HR Management & Compliance

New California Employment Laws: More for 2012

Yesterday, Cathleen Yonahara of Freeland Cooper & Foreman in San Francisco ran down some of the key new California employment-related legislation coming at you in 2012. Today, a look at some important new wage/hour measures.

[For yesterday’s rundown, click here.]

Independent contractor misclassification penalties

Under Senate Bill 459, effective January 1, 2012, it will be unlawful for any person or employer to willfully misclassify an individual as an independent contractor. Willful misclassification means avoiding employee status for an individual by voluntarily and knowingly misclassifying him as an independent contractor.

This new law also makes it unlawful for an employer to charge an individual who has been willfully misclassified as an independent contractor a fee or to make any deductions from compensation for any purpose ― including for goods, materials, space rental, services, government licenses, repairs, equipment maintenance, or fines arising from the individual’s employment — if any of those fees or deductions would have violated the law had the individual not been misclassified.

If the California Labor and Workforce Development Agency or a court determines that a person or employer has violated this new law, the person or employer will be subject to a civil penalty of $5,000 to $15,000 for each violation, in addition to any other penalties or fines permitted by law. If the agency or a court determines that a person or employer is engaging in a pattern or practice of these violations, the civil penalty will be $10,000 to $25,000 for each violation.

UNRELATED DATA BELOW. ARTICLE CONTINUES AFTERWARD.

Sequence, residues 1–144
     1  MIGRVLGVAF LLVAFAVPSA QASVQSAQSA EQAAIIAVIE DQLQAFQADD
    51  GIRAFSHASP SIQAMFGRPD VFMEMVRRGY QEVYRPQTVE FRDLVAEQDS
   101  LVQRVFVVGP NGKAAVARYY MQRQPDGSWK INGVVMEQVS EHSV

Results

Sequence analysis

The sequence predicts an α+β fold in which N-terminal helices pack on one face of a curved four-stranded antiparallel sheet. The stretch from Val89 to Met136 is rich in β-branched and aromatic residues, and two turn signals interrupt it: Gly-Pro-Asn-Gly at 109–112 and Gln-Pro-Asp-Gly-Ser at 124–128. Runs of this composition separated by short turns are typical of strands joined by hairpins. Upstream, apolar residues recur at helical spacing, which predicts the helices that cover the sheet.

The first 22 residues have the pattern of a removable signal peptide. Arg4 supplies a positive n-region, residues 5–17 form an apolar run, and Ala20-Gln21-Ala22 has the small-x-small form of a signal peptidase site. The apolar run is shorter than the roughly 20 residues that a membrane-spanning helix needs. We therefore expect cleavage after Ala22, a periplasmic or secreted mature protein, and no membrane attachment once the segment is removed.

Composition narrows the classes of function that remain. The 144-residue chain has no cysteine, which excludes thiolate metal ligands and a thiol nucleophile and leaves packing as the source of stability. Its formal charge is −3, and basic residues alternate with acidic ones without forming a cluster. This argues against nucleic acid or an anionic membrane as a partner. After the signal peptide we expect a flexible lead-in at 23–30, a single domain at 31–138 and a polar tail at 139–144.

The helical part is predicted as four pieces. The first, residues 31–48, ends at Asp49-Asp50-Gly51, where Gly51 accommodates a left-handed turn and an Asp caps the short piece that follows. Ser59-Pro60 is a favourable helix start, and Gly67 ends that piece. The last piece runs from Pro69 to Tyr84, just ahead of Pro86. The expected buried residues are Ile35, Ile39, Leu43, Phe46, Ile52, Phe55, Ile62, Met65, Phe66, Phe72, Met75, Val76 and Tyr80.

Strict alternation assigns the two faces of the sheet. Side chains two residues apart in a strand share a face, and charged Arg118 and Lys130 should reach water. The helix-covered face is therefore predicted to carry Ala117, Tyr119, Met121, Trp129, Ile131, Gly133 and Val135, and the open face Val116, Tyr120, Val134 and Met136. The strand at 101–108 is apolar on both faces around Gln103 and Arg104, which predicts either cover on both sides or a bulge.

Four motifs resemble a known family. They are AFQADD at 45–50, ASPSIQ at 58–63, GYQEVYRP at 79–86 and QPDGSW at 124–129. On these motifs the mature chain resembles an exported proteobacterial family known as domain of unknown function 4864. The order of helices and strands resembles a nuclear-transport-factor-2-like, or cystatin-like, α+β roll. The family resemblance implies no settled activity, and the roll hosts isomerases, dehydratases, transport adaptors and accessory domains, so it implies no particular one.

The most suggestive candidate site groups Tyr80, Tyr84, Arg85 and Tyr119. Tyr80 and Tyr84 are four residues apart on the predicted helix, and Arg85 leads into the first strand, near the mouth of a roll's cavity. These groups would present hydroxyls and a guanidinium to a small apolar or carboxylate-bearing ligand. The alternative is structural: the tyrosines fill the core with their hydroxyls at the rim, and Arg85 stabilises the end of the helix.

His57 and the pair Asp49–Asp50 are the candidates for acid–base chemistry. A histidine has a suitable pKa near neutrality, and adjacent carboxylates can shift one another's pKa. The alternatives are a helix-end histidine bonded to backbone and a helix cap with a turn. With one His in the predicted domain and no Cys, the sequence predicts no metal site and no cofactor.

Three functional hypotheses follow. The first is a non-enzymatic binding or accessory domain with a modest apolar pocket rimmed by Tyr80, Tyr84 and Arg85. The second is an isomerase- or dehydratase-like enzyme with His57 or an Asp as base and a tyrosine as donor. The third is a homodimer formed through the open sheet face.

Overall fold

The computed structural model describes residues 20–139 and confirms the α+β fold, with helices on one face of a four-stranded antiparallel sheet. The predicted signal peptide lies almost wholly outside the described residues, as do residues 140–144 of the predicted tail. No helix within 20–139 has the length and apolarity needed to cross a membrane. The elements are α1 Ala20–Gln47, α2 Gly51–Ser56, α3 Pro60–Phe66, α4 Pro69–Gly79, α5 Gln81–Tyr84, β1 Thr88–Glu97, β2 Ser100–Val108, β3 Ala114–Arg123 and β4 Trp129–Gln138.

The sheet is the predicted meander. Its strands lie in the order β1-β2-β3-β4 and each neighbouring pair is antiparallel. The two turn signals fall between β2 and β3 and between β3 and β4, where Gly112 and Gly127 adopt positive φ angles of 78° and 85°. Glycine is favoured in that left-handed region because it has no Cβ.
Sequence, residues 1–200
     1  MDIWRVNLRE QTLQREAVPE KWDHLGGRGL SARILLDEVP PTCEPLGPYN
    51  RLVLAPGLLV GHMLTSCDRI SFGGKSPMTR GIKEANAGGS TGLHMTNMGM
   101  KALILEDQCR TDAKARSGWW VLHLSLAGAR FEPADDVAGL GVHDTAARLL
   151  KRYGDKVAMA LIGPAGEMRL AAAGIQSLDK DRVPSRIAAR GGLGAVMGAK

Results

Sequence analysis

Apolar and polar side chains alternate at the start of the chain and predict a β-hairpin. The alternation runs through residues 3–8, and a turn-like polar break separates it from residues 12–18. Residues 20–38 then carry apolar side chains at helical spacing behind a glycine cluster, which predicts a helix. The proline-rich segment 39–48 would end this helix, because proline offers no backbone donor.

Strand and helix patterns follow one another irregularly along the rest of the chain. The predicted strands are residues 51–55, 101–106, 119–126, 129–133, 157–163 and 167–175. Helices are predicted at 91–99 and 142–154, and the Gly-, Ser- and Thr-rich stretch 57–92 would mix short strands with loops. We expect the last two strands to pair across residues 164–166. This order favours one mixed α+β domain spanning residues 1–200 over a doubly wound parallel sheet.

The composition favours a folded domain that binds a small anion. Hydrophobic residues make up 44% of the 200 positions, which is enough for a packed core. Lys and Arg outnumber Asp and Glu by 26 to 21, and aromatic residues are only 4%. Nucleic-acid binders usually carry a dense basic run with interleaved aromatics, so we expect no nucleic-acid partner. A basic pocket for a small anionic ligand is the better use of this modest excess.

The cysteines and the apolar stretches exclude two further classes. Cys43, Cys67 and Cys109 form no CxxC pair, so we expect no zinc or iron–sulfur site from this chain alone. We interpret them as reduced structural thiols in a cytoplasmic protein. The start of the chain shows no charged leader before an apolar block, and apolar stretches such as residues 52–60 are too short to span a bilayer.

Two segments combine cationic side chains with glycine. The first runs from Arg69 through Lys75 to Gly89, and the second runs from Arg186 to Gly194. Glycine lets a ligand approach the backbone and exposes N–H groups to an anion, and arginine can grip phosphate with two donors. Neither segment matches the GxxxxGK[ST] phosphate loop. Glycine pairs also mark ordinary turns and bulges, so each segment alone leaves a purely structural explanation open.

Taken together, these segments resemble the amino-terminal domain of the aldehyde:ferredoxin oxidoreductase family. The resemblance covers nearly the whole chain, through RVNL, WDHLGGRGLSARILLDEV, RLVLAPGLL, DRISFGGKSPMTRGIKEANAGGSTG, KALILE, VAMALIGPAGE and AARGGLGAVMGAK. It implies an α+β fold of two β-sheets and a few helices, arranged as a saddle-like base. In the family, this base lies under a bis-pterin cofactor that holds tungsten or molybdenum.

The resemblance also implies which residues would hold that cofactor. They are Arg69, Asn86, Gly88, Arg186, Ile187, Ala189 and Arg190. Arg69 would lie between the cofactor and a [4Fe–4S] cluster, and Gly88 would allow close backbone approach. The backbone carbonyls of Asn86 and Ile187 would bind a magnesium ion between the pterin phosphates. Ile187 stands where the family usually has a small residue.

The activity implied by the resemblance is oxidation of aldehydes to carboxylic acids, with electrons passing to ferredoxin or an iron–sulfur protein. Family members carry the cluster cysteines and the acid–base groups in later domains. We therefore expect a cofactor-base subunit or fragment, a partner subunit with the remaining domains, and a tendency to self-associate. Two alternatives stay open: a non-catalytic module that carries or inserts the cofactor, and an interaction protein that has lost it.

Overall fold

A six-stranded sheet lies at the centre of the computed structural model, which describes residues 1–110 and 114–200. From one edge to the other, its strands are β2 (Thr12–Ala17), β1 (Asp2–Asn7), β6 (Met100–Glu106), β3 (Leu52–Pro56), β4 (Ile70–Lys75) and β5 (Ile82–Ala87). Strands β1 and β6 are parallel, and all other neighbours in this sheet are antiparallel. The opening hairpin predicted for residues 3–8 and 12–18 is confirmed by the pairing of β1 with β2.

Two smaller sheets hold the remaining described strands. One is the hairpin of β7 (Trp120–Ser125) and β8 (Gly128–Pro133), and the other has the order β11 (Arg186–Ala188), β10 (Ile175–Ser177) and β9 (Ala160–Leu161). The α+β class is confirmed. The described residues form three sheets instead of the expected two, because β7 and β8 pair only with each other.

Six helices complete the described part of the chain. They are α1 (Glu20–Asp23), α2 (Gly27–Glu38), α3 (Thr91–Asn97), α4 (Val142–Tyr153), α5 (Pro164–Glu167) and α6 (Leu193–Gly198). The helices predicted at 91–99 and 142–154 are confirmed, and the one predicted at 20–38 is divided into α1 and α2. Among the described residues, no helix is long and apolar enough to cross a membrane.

Furthermore, any person who for money or something else of value knowingly advises an employer to treat an individual as an independent contractor to avoid employee status will be jointly and severally liable with the employer if the individual is found to be misclassified. This provision doesn’t apply to an employee who provides advice to his employer or attorneys who provide legal advice.

How to Comply with California Wage & Hour Law — newly updated for 2012!

Wage information for new hires

Under current law, you must post specified wage and hour information in a conspicuous location where employees can view it. Effective January 1, 2012, Assembly Bill 469 requires that at the time of hiring , you must provide each newly hired employee a notice that specifies: 

  1. the rates of pay and the basis for those rates, whether paid by the hour, shift, day, week, salary, piece, commission, or otherwise, including any rates for overtime, as applicable;
  2. any allowances claimed as part of the minimum wage, including meal or lodging allowances;
  3. the regular payday designated by the employer;
  4. the name of the employer, including any “doing business as” names it uses;
  5. the physical address of the employer’s main office or principal place of business and a mailing address if different;
  6. the employer’s telephone number;
  7. the name, address, and telephone number of the employer’s workers’ compensation insurance carrier;
  8. and any other information the labor commissioner deems significant and necessary.